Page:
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STIRRing Up Local TV Advertising

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While many aspects of advertising were hit hard by the COVID-19 shutdowns, streaming advertising (also classified as digital video advertising) is behaving the way Robinhood traders think about the stock market—ever up and to the right. Sinclair Broadcast Group's STIRR is out in front of that trend.

Sinclair created STIRR a couple of years ago. The business idea is brilliant, but the implementation is still buggy. STIRR provides consumers with free, live, local TV news broadcasts (if they're in a Sinclair market), as well as local sports, on-demand movies, and live linear niche channels devoted to cooking, game shows, pranks, old TV series, talk shows, financial news, and lots more to deliver average view times of 51 minutes on CTV and 30 minutes on mobile. 

STIRR advertising targets local viewers, so Boston viewers will see Boston businesses' advertisements, even if they happen to be in Los Angeles when watching Boston content. As viewing on streaming went up, CTV advertising grew. Insider Intelligence research identifies that spending on digital video ads grew at double-digit rates during 2020, and ad spending on CTV in particular will increase by almost 50% this year. Brands are looking to advertise on streaming outlets, and for now, it seems that when they think streaming, they think local TV stations.

"The CPMs on local are so much higher than they are on a national basis for OTT," says Adam Ware, VP and general manager for national networks and platforms at Sinclair. BIA Advisory Services has pegged the 2020 OTT market for local video advertising at $990 million, out of an estimated total local TV ad revenue of $19.7 billion in 2020. While OTT video advertising is a very small percentage of total TV ad spend, it's also nearly $1 billion, which will help pay off the investment that companies like Sinclair have made in local media OTT with STIRR. 

"We're programming STIRR as if it were a television network with local affiliates," says Ware. So live local news runs at the same time the local broadcast does. After the local news, when a broadcast station would go to national network news, STIRR has an open time slot. "What do you put in that half hour? Well, you need to put something that first of all feels right, and second, is an opportunity for an advertiser," says Ware. "There's no way they can buy a half hour of [what] is sitting between newscasts. You could never buy that environment on traditional TV." So there's the potential for a half hour of local programming, sponsored by a local business, for example, but there's also the opportunity to test out something bigger.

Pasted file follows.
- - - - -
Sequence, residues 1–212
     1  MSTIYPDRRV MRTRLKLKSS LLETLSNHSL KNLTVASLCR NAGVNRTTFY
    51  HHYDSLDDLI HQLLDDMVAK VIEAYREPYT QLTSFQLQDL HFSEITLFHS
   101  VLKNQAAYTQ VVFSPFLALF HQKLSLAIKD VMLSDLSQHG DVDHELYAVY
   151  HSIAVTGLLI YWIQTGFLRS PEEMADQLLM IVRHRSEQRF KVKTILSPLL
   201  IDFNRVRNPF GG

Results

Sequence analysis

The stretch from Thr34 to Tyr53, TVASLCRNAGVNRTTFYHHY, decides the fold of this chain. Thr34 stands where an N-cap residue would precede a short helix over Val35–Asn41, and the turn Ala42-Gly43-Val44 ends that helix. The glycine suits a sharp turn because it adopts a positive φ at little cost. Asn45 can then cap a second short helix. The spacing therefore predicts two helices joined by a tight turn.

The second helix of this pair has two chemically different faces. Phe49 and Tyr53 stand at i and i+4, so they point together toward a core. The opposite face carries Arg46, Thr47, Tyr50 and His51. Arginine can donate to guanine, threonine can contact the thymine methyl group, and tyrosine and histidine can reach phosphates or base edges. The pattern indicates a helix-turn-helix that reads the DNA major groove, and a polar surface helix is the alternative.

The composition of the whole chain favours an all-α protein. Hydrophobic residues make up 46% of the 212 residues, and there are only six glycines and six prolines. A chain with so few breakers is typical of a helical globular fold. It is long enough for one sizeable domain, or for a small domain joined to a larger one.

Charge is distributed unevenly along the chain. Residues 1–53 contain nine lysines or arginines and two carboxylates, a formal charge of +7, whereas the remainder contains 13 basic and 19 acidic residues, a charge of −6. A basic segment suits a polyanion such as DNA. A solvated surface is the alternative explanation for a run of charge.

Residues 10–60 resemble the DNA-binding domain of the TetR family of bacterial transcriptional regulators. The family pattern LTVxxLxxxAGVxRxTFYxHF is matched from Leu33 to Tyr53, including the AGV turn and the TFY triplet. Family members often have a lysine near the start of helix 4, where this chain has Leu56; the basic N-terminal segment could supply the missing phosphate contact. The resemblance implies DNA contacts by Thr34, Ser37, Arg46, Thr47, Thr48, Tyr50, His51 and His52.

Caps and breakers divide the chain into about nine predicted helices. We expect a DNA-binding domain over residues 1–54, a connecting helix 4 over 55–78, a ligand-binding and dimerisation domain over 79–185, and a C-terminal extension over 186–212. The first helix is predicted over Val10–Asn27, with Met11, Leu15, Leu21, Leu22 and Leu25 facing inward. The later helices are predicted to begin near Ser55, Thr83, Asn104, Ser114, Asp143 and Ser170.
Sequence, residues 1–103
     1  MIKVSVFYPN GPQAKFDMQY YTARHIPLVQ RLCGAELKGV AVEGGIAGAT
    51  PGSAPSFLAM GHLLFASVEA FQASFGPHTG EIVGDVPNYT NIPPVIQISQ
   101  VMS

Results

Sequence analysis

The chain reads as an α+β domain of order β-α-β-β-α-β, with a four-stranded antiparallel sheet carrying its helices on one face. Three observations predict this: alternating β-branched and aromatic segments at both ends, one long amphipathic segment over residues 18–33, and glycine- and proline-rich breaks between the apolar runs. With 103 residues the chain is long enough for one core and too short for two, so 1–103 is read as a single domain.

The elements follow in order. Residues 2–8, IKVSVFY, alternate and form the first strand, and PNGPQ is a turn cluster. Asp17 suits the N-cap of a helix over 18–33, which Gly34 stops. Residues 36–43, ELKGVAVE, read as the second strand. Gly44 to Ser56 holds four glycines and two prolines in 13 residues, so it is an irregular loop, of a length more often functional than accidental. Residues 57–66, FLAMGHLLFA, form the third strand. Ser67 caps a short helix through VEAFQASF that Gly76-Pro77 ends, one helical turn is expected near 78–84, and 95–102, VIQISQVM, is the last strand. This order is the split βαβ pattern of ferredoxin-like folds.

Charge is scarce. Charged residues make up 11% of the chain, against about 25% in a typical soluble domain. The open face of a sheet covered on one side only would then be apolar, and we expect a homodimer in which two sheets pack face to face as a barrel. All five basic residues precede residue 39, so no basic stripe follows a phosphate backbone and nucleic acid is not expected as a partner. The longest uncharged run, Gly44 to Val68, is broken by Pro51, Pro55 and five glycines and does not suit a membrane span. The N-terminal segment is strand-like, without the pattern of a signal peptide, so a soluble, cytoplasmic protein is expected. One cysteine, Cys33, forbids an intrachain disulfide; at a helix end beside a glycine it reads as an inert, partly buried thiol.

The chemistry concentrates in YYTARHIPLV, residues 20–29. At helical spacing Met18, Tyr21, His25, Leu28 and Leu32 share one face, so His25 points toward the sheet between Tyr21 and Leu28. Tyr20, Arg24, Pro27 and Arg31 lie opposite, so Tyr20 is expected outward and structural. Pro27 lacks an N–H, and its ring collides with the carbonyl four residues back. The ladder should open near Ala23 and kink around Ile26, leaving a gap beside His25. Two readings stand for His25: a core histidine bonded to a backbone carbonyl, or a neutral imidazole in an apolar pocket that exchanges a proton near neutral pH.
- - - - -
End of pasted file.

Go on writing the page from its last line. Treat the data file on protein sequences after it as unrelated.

STIRR also has fully sponsored stations, like the Horse Shopping Channel (HSC)—think the Home Shopping Network, but all things horse-related. It started locally in Texas for a company that auctions horses and grew to include a lot of adjacent content, like Westerns and reality programming. HSC is now available to viewers all over the U.S. "What STIRR is trying to do is create new types of ad opportunities for advertisers that want to do more," says Ware. 

Another focus of STIRR is an environment to place future content for ATSC 3.0 delivery. When ATSC 3.0-enabled TVs become widely available, the content that's now on STIRR could be found on your new TV. In other words, Sinclair is developing the environment for more TV channels without having to seek the traditional broadcast spectrum and is creating opportunities for advertising revenue that didn't exist before.

A few years ago, a friend of mine said that local news is in danger of being replaced by two guys in a garage with some really good social media skills. Sinclair has created an environment to ensure it is out in front dealing with broadcast viewer declines, FAST channel entrants, and digital-first companies. 

If Sinclair tweaks STIRR and really gets focused (and maybe comes up with a better name), it will have absolutely found a way to crush those two guys in a garage, while providing dollars to the local stations, growing new markets, and preparing for the ATSC 3.0 broadcast future.

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